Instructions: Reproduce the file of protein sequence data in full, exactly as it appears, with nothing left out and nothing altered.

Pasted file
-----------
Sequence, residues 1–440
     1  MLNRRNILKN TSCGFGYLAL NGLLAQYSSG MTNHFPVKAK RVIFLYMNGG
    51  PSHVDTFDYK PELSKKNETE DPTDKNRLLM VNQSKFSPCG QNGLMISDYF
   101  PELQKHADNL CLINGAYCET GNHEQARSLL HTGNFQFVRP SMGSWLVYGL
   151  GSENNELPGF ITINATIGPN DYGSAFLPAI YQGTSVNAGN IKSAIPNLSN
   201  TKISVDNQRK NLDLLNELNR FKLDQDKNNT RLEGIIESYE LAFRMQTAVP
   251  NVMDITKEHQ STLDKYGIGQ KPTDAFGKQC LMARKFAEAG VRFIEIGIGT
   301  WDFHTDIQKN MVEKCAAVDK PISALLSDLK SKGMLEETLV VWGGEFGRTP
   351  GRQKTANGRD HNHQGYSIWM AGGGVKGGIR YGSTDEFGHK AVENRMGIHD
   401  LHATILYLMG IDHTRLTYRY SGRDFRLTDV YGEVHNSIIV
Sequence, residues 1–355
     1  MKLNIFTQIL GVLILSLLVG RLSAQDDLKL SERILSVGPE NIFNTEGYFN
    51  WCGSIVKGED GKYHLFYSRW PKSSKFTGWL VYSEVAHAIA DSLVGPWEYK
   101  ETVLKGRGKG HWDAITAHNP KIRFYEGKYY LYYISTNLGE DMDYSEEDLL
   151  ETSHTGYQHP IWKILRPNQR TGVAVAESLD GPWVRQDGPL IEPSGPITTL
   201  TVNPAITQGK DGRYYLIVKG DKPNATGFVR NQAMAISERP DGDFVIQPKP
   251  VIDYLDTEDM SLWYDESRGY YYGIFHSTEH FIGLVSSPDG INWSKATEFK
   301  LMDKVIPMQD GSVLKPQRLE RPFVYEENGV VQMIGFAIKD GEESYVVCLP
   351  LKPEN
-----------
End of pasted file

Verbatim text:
Sequence, residues 1–440
     1  MLNRRNILKN TSCGFGYLAL NGLLAQYSSG MTNHFPVKAK RVIFLYMNGG
    51  PSHVDTFDYK PELSKKNETE DPTDKNRLLM VNQSKFSPCG QNGLMISDYF
   101  PELQKHADNL CLINGAYCET GNHEQARSLL HTGNFQFVRP SMGSWLVYGL
   151  GSENNELPGF ITINATIGPN DYGSAFLPAI YQGTSVNAGN IKSAIPNLSN
   201  TKISVDNQRK NLDLLNELNR FKLDQDKNNT RLEGIIESYE LAFRMQTAVP
   251  NVMDITKEHQ STLDKYGIGQ KPTDAFGKQC LMARKFAEAG VRFIEIGIGT
   301  WDFHTDIQKN MVEKCAAVDK PISALLSDLK SKGMLEETLV VWGGEFGRTP
   351  GRQKTANGRD HNHQGYSIWM AGGGVKGGIR YGSTDEFGHK AVENRMGIHD
   401  LHATILYLMG IDHTRLTYRY SGRDFRLTDV YGEVHNSIIV
Sequence, residues 1–355
     1  MKLNIFTQIL GVLILSLLVG RLSAQDDLKL SERILSVGPE NIFNTEGYFN
    51  WCGSIVKGED GKYHLFYSRW PKSSKFTGWL VYSEVAHAIA DSLVGPWEYK
   101  ETVLKGRGKG HWDAITAHNP KIRFYEGKYY LYYISTNLGE DMDYSEEDLL
   151  ETSHTGYQHP IWKILRPNQR TGVAVAESLD GPWVRQDGPL IEPSGPITTL
   201  TVNPAITQGK DGRYYLIVKG DKPNATGFVR NQAMAISERP DGDFVIQPKP
   251  VIDYLDTEDM SLWYDESRGY YYGIFHSTEH FIGLVSSPDG INWSKATEFK
   301  LMDKVIPMQD GSVLKPQRLE RPFVYEENGV VQMIGFAIKD GEESYVVCLP
   351  LKPEN